I wasn’t happy as a teenager. I was overshadowed by my next brother up. He was handsome and looked like an actor called Terence Stamp. I did not look like Terence Stamp, I was quite plain. After I was in a car crash at 15, I missed a term from boarding school and was at home doing nothing. That made me examine my life.
Between 15 and 18 I completely reconstructed myself. When my aunt’s husband died, she turned their Colombian country house into a summer camp and asked to borrow one of us. My father worked for Shell and got me a cabin on an oil tanker. There were no other passengers, so for two weeks I had another incredible period of introspection. I was going to stay with people who didn’t really know me, and realised I could get off the boat as anyone I chose to be. Having been a social failure, I bounced off the boat as the life and soul of the party and spent two months riding, swimming and dancing at the disco. This new version of me was much less depressing than the sad fatty sitting in the corner. I decided that is who I’d be when I got home.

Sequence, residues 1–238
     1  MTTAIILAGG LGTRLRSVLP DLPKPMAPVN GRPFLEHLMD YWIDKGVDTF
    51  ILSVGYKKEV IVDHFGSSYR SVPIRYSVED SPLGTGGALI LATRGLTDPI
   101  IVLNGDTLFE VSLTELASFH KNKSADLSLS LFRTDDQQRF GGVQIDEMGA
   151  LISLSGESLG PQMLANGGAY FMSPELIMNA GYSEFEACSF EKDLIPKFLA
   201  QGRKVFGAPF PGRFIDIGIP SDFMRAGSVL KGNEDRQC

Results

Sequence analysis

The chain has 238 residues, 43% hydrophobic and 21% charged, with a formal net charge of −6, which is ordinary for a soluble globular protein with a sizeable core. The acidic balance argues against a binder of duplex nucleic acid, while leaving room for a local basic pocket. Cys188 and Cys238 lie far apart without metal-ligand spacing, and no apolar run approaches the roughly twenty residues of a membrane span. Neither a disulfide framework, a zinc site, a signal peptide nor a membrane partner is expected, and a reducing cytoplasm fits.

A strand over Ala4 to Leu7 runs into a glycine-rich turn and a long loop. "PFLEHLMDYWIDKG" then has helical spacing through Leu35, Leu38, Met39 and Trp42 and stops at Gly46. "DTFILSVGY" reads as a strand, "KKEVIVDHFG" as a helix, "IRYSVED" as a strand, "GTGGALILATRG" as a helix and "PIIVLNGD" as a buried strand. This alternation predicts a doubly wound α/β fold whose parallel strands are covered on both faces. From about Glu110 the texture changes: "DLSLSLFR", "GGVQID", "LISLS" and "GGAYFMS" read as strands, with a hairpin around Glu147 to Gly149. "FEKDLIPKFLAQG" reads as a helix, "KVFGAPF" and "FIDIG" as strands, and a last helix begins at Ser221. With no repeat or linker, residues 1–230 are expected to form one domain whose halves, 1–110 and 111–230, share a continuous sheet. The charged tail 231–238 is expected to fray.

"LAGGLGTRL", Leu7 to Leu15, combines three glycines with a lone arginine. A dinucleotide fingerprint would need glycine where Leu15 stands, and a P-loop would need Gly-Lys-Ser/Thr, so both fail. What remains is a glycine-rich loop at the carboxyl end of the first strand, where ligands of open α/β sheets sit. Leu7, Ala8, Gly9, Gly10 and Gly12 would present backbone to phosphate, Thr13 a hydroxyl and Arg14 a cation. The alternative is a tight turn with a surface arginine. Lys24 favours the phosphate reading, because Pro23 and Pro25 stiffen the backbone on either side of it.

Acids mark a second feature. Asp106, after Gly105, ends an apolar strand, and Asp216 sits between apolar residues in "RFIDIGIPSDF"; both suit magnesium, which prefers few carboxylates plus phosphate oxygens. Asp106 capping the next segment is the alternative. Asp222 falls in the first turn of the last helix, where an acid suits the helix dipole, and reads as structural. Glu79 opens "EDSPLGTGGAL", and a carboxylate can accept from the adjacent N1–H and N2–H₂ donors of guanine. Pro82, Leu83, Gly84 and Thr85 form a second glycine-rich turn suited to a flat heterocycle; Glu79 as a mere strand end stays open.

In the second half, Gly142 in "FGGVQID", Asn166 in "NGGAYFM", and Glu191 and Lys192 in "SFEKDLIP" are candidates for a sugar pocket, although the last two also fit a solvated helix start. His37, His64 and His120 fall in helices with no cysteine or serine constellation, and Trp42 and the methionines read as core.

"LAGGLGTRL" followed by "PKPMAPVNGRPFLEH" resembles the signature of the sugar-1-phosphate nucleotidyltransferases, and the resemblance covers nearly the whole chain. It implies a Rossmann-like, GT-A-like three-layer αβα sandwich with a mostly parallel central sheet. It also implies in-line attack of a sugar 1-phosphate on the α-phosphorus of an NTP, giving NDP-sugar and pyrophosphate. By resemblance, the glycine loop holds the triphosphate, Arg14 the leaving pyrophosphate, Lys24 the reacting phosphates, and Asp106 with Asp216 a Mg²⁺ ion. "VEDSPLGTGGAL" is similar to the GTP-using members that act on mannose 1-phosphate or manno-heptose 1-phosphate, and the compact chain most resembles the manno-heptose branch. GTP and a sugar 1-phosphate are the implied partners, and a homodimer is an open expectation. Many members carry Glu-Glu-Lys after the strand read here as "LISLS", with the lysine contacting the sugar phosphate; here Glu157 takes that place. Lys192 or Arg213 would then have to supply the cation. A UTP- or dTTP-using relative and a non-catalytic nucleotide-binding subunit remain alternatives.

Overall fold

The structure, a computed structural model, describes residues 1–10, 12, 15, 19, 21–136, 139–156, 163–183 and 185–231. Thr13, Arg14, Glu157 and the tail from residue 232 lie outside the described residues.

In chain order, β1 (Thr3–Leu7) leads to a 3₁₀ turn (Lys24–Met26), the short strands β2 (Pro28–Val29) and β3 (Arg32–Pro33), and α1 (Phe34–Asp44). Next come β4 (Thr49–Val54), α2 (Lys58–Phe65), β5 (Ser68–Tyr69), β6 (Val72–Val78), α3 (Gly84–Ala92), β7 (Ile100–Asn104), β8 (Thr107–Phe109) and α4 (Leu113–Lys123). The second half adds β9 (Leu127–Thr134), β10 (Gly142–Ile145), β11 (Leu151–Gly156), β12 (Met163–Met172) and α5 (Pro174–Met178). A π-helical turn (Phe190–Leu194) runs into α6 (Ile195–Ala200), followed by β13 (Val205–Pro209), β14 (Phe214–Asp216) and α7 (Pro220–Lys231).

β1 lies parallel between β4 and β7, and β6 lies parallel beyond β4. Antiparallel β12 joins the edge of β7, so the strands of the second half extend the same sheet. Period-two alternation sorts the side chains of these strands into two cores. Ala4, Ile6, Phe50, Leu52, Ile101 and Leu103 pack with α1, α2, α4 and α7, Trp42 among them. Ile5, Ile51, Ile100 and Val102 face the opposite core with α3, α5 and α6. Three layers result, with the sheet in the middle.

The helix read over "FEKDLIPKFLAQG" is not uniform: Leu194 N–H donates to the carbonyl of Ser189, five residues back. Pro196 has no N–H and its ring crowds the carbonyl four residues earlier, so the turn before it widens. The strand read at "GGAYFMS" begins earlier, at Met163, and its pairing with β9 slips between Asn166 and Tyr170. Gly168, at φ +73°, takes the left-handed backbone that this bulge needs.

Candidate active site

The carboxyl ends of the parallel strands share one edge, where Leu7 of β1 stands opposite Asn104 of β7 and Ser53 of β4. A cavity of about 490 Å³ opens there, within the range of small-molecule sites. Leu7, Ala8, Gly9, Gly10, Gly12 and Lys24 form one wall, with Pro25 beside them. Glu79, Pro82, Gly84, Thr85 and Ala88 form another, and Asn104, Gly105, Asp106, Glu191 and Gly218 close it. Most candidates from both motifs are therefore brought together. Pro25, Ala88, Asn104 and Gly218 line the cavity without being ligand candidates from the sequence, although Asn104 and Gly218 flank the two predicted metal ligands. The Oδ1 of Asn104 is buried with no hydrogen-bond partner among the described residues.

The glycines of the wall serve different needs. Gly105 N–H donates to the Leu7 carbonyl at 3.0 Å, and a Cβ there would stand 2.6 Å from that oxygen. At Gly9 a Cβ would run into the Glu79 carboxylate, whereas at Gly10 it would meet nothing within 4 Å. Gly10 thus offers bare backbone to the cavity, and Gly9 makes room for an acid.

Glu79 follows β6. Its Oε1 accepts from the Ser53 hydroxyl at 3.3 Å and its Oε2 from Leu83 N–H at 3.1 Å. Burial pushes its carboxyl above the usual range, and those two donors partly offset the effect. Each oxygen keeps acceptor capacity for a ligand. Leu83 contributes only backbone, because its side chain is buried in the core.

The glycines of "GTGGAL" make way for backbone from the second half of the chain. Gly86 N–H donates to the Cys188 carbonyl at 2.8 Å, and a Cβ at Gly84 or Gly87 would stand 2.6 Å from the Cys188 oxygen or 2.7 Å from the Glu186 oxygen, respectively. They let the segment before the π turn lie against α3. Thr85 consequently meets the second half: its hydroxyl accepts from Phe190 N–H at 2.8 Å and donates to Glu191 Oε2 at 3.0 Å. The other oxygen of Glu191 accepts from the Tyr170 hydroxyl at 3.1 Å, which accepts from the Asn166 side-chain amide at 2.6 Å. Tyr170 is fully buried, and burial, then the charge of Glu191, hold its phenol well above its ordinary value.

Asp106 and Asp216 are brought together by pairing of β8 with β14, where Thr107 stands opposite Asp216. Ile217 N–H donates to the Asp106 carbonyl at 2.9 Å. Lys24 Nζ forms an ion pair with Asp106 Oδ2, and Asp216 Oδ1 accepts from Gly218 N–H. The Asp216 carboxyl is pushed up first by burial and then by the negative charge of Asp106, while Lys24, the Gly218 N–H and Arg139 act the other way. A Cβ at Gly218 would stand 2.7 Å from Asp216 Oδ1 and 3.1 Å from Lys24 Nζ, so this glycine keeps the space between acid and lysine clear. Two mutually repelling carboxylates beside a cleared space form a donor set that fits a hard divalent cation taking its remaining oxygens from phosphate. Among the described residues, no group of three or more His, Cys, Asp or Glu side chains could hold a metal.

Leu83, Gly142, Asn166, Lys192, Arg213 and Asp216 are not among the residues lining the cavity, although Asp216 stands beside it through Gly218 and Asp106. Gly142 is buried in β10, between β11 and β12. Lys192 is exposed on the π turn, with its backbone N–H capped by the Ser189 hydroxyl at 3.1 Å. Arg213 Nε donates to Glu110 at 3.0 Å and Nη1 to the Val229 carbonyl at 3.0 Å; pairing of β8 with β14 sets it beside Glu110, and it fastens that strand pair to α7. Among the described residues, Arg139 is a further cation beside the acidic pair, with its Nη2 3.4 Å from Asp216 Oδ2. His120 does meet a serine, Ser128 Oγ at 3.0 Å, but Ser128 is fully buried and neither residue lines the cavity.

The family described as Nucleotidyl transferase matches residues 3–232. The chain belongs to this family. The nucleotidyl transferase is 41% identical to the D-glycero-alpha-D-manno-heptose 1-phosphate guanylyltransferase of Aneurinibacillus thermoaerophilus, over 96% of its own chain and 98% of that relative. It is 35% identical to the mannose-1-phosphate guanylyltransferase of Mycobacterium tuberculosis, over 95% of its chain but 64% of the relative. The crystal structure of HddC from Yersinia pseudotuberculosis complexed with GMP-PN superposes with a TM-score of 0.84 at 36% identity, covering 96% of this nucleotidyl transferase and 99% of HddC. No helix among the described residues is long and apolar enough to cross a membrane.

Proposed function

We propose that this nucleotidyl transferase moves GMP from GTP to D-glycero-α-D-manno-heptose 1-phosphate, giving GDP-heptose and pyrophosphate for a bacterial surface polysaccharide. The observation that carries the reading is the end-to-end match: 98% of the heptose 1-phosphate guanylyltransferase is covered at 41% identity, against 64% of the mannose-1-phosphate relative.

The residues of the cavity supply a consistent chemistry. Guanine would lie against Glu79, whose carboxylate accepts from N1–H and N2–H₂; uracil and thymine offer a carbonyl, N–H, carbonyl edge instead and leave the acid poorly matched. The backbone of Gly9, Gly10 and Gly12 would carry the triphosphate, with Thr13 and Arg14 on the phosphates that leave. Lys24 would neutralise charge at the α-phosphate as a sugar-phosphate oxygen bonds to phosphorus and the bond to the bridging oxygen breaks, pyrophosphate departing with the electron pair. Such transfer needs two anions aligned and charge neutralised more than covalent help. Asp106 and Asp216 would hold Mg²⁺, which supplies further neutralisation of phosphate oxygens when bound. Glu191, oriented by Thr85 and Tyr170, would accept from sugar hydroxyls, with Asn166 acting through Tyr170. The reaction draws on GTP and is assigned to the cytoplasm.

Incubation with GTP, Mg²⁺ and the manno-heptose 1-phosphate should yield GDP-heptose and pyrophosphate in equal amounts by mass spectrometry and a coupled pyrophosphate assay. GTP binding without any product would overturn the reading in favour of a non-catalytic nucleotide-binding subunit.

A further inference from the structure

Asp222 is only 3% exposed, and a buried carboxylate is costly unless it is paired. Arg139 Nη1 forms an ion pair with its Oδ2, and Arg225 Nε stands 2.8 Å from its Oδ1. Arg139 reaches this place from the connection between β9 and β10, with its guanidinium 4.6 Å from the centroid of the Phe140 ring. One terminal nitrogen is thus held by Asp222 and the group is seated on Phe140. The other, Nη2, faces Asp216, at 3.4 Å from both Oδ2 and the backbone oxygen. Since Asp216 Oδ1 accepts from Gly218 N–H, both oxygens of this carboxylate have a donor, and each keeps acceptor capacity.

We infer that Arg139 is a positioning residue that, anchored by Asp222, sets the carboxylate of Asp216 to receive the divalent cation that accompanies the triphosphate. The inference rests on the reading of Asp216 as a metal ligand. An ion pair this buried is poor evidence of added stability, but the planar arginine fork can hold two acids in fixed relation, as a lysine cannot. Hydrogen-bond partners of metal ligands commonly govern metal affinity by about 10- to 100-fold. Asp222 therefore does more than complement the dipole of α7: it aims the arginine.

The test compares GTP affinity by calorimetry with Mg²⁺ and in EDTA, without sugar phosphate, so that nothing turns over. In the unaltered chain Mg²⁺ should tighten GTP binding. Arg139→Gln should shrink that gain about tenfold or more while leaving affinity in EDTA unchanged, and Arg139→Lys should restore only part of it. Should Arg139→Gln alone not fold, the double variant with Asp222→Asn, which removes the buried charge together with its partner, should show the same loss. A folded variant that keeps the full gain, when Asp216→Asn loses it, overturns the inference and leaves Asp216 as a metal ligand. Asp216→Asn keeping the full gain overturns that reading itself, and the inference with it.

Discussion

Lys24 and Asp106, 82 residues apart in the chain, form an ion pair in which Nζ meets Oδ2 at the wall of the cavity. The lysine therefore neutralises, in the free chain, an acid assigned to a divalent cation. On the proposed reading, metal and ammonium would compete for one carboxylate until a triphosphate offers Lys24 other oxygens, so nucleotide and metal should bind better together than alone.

If you feel you have been born at the bottom and that is where you are staying, that is intolerable.
I had a crush on Audrey Hepburn. Everyone did. And I was rather keen on Hayley Mills. She was in my first West End show, and you couldn’t meet a nicer person. It was like completing the circle, imagining at 14 that I would like her, then finding out at 23 that I did.
My father was a bluff, tweed-clad colonel type but he was film-obsessed. We would watch films then have high tea with sausages and discuss them: what were the good points, why didn’t you like the heroine? That was all rooted in me. He hoped I might be a diplomat but I was so not what the Foreign Office was looking for in the 1970s.
My mother didn’t mind. She was a sort of anarchist. I remember telling her: “I’m going to drama school to be an actor.” After a long silence, she said: “Don’t tell your father.” That summer I went away for two months – as I drove out of the gates, she told my father, knowing he couldn’t stay angry at me for that long.
Anthony Hopkins was an important influence. At drama school it is all about the stage. I was cast in a television show with Tony. He told me: “You are coming to the first day of filming as if it was the start of stage rehearsals. It is not. It is opening night. What you do will be on the screen in six months.” He also helped me see that working in camera drama was legitimate, not some poor second place.